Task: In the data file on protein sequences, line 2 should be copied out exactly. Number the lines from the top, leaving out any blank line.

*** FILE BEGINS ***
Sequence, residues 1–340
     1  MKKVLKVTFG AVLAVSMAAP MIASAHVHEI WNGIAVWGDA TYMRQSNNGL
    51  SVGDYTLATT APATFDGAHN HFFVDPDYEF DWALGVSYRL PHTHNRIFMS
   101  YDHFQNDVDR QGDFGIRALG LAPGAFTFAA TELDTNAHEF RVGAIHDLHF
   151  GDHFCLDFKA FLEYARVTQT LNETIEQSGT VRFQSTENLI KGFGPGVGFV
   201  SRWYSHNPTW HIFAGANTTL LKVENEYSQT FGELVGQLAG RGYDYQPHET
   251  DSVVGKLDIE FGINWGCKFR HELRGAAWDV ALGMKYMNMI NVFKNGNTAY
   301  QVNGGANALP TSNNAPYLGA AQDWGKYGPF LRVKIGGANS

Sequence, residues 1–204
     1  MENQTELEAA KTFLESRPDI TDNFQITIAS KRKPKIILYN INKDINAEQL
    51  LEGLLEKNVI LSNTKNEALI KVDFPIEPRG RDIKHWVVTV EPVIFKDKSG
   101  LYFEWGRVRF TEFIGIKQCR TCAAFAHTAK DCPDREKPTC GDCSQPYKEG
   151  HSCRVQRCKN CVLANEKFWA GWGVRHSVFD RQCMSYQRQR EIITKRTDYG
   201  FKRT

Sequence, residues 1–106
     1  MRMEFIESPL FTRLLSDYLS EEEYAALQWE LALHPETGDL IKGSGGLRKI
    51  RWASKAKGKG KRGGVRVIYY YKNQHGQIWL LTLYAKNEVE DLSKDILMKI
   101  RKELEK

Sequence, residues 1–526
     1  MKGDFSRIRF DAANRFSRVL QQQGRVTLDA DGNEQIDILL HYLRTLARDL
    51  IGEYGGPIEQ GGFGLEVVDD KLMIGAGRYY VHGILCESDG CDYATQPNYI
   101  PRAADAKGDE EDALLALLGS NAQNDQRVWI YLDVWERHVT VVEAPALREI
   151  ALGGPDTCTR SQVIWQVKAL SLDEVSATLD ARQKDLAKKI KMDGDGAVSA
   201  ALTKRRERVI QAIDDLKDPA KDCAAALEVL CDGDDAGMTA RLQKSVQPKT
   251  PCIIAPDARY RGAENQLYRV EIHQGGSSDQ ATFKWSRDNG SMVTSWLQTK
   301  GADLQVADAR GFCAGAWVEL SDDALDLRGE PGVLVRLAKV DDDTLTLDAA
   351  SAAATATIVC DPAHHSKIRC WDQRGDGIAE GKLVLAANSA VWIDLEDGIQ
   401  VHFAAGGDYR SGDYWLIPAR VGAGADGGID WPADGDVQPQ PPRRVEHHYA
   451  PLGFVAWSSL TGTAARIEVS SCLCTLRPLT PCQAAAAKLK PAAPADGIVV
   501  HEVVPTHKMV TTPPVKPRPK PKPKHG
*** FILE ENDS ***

     1  MKKVLKVTFG AVLAVSMAAP MIASAHVHEI WNGIAVWGDA TYMRQSNNGL